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"The Authorship of Generative Art"

October 19, 2009

I found this short statement of aesthetics from two British artists on AAAARG.ORG this morning that is certainly relevant to our Gnoetic endeavours here. This is an excerpt from Adrian Ward’s and Geoff Cox’s 2005 essay, “How I Drew One of My Pictures: or, The Authorship of Generative Art“:

Although the ‘author-god’ might be dead (according to Post-Structuralist theory), we are forced to accept this ‘death’ as an inability to claim the privileged source of meaning or value of a work of art and artist.[2] This is by no means new; there are numerous precedents for collaborative experimentation in creativity and automatism within a history of art-machines, robotics, and deferred authorship: the use of chance by dadaists, and automatism by surrealists, aimed to stimulate spontaneous and collective creative activity and to diminish the significance of the artist. As the creating subject or author has largely been discredited and dematerialised over the years, there is a pressing need to examine new demarcations, and the functions released by this disappearance.[3] Perhaps ‘the death of the author’ is simply too literal, (too obvious and final) a metaphor to offer a critique of the productive apparatus by which contemporary creative operations using computers are organised and regulated. [emphasis added]

While I find much of their analysis coincides with many of my own ideas about generative, conceptual and/or digital works of art, I cannot agree with their emphasis on the programmer of systems as the primary inheritor of value as author and creator. I agree that “when a programmer develops a generative system, they are engaged in a creative act,” as well as that “programming is no less an artform than painting is a technical process;” but to conclude unequivicably that “it is no longer necessary or even desirable to be able to render art as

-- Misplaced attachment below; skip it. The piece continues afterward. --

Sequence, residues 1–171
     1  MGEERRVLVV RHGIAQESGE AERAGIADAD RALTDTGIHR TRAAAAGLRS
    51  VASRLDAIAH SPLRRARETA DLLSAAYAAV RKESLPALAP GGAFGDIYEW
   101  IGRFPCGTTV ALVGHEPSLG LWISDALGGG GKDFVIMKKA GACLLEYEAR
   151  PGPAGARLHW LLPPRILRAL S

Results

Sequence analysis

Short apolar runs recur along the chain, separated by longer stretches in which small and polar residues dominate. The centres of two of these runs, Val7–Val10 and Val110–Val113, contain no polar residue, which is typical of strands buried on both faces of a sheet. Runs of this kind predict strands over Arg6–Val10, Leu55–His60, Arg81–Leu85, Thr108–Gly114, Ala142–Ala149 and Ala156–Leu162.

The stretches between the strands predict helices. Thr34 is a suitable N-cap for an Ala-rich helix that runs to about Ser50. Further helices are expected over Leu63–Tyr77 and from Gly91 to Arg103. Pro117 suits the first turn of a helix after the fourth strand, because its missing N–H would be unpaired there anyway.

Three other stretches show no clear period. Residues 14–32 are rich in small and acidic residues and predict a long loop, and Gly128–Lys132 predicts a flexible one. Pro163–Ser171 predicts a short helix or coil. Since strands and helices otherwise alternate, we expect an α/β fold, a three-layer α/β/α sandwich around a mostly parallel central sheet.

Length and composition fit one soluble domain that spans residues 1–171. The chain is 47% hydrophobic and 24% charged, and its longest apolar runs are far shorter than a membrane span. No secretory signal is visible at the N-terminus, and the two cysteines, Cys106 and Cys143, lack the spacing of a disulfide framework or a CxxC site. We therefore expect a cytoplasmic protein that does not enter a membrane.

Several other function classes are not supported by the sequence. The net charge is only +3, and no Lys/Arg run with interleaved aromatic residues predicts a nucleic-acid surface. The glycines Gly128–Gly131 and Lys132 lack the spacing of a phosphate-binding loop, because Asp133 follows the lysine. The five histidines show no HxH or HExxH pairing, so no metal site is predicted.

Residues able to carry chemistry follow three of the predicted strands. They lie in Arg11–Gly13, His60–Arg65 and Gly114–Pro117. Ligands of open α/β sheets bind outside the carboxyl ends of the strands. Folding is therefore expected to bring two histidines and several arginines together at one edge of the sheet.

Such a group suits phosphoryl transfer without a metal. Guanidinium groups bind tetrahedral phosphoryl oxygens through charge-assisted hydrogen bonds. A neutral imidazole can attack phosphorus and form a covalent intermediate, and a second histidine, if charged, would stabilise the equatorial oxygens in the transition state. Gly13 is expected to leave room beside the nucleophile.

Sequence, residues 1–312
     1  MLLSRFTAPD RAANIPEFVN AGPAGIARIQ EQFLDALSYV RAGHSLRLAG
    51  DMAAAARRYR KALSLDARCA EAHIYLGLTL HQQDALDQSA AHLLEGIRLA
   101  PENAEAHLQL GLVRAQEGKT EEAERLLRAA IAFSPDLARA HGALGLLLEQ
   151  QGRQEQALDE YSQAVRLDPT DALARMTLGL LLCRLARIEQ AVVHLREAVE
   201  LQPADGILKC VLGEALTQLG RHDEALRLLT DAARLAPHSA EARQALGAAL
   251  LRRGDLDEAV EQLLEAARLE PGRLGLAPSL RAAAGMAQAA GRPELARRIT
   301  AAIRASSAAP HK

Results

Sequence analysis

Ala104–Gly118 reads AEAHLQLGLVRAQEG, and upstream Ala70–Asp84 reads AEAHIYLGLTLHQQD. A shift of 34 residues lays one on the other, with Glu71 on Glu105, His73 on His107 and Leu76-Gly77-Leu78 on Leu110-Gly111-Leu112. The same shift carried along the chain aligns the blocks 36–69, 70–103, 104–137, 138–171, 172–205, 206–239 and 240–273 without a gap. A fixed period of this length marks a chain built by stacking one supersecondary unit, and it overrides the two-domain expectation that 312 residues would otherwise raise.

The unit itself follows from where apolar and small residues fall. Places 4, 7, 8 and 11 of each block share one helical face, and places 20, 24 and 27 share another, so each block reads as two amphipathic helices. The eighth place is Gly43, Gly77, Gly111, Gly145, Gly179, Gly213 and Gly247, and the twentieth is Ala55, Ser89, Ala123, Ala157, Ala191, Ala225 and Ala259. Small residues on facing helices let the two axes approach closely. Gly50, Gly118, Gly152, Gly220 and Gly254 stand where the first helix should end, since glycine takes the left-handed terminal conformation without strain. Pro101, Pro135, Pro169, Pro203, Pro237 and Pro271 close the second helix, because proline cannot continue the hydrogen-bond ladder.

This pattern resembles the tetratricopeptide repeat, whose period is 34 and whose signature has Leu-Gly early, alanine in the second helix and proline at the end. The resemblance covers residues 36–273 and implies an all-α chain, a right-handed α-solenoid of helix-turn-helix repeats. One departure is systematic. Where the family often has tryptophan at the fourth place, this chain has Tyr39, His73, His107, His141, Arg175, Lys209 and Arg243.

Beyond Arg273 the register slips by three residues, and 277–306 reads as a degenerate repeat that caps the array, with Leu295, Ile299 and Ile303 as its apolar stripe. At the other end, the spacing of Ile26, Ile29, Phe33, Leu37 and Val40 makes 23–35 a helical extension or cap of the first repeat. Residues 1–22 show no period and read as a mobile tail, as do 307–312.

a final tangible medium, but instead it is more important to program computers to be creative by proxy” overlooks the many possibilities of digital art as well as many of the real examples of digital writing created using computer systems. It also conflates the site of creativity with the act of creativity–something which is definitely not true in many cases with generative and quasi-generative systems designed for artistic production.

Gnoetry is a prime example of this. Much credit an admiration goes to the creative act of programming such a system for artistic use, but this is not the only and final creative act, it is the first; and it is certainly not of greater importance as an aesthetic act than the many others to follow within the program’s environment. The act of the creation of such a system is invaluable to the following creative acts, as none of them would have occurred without it; but this is just as true as saying that the creation of cable television is more valuable than the creation of channels and shows to be on it. Jon Stewart and The Daily Show would not have come about without something like Comedy Central being possible within the context of Cable Television, much as individual works of digital art would not exist without the systems (Gnoetry, Project Gutenberg, the Internet, Western Capitalist society) upon which they rely; this does not mean, though, that all comedians should be more concerned with creating new forms of media to work within than in writing comedy.

Furthermore, to dismiss the subjective activity of a human collaborating artist by concluding that “a great deal of these so-called creative decisions made by artists are driven by chance, or other imperceptible influences” and should just be left to random decisions on the part of the machine, is to completely dismiss the importance of choice, as well as the act of “working the system” (exploring glitches or tricks in the program) to bring about an aesthetically and subjectively desirable result. There is something to be said for placing a reasoned or intuitively guided choice above a random one.

Much more could obviously be said about this. Programming may become an indispensible tool for artists and writers soon, either on their own or in collaboration with knowledgable and interested programmers, but wholly generative art will remain only one of the genres of this evolving branch of artistic process. In Gnoetry, one does not simply press play and let the system create the end result. The perception and subjectivity of the collaborating artist is at the heart of the gnoem’s authorship just as much as the system is. Models such as Gnoetry–human-machine collaborations within a programmed framework–are thus of great importance to the development of a digital aesthetic that marries the artist’s creative will with computer processes. I hope that as more writers come to use programs like Gnoetry, the truly unique approach of each writer will come to be seen as crucial to the evaluation of their work.